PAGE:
On September 12th, College of Architecture + The Arts alumna Teresita Fernández saw the opening of her solo exhibition at Lehmann Maupin’s Hong Kong gallery. This is the first solo exhibition of Fernández in China.
Fernández is known for using seemingly raw materials, such as glass, metal, and graphite, to create her pieces. In her work, Fernández frequently emphasizes nature, the idea of perception, and the psychology of looking. One of her pieces in the Hong Kong exhibition, called Golden (Panorama), is a triptych more than eleven-feet wide made of gold-chromed panels. She added Indian ink to the panels, and then removed some of the ink. The result is what looks like a landscape on the triptych. However, viewers cannot observe the piece without seeing their own blurred reflection in the panels. “What one person sees in a landscape painting is different from what I see, or from what the next person sees,” said Fernández. “Landscape is a very abstract idea, which we individually create . . . [In Golden,] somebody from China might see Huangshan, while someone from Massachusetts might see the Berkshire mountains or the Rockies. My work then becomes a mirror of what each of us knows.”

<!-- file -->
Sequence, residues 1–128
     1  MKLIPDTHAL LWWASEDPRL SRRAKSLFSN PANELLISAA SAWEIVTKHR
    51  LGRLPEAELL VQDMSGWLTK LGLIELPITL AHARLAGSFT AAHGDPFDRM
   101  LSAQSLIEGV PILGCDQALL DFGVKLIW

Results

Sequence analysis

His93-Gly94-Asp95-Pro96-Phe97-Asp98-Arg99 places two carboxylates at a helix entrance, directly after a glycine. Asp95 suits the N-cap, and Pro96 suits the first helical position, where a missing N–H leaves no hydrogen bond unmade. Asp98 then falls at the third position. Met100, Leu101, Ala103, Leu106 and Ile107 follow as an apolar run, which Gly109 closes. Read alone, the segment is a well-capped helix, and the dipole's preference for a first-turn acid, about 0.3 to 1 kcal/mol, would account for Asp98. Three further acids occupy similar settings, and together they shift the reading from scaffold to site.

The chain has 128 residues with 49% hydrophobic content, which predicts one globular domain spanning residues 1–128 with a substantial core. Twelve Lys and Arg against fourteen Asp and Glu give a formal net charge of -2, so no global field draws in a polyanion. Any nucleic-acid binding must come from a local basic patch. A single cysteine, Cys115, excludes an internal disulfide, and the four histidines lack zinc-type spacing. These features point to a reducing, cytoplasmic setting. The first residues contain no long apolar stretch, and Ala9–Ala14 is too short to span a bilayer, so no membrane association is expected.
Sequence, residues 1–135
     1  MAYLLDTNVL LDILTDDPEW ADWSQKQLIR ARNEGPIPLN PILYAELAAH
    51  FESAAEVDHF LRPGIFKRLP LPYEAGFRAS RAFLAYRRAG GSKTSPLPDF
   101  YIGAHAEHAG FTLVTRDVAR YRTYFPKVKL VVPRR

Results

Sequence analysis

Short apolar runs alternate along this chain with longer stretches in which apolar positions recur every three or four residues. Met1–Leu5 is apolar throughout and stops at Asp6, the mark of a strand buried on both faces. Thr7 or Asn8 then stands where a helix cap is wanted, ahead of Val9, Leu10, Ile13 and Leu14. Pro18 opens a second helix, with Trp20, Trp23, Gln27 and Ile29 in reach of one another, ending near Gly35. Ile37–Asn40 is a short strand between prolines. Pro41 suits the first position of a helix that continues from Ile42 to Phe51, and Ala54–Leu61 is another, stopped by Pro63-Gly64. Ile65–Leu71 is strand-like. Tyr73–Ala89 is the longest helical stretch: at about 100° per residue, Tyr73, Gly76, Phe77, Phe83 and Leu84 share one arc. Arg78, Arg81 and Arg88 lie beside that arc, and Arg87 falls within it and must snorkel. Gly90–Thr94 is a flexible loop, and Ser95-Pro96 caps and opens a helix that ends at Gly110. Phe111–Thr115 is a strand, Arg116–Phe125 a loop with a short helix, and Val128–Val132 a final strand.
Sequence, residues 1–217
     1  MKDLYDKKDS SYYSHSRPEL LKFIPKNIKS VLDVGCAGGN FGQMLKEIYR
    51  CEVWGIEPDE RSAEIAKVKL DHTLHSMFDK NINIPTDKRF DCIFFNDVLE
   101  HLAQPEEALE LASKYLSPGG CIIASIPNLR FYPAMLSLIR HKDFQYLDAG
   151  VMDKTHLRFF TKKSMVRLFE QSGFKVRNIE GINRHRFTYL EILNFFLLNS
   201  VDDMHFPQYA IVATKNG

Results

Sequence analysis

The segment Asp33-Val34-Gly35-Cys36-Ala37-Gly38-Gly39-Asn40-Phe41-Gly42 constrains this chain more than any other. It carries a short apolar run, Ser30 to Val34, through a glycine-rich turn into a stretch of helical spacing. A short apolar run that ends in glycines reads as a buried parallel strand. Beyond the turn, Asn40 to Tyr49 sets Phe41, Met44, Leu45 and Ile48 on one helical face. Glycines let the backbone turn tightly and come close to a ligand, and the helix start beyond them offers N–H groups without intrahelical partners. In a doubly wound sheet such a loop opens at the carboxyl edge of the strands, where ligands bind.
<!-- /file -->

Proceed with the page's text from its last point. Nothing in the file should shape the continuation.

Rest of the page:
Born in Miami, Fernández graduated from CARTA with a Bachelor of Fine Arts and from Virginia Commonwealth University with a MFA. She is a recipient of the 2005 MacArthur Fellowship, a Guggenheim Fellowship, the Louis Comfort Tiffany Biennial Award, an American Academy in Rome Affiliated Fellowship, and a National Endowment for the Arts Artist’s Grant. In 2011, Present Obama appointed Fernández to serve on the US Commission of Fine Arts. Her work is featured at Seattle’s Olympic Sculpture Park, the United States Coast Guard, the Department of Homeland Security in Washington, D.C., and the Bennesee Art Site in Naoshima, Japan. Fernández currently lives in Brooklyn, New York.
Teresita Fernández’s solo exhibition will run until Saturday, November 9th at Lehmann Maupin’s Hong Kong gallery, 12 Pedder Street, Central, Hong Kong. Free and open to the public. For more information, visit Lehmann Maupin on the web.
The featured image is courtesy of Billy Farrell.
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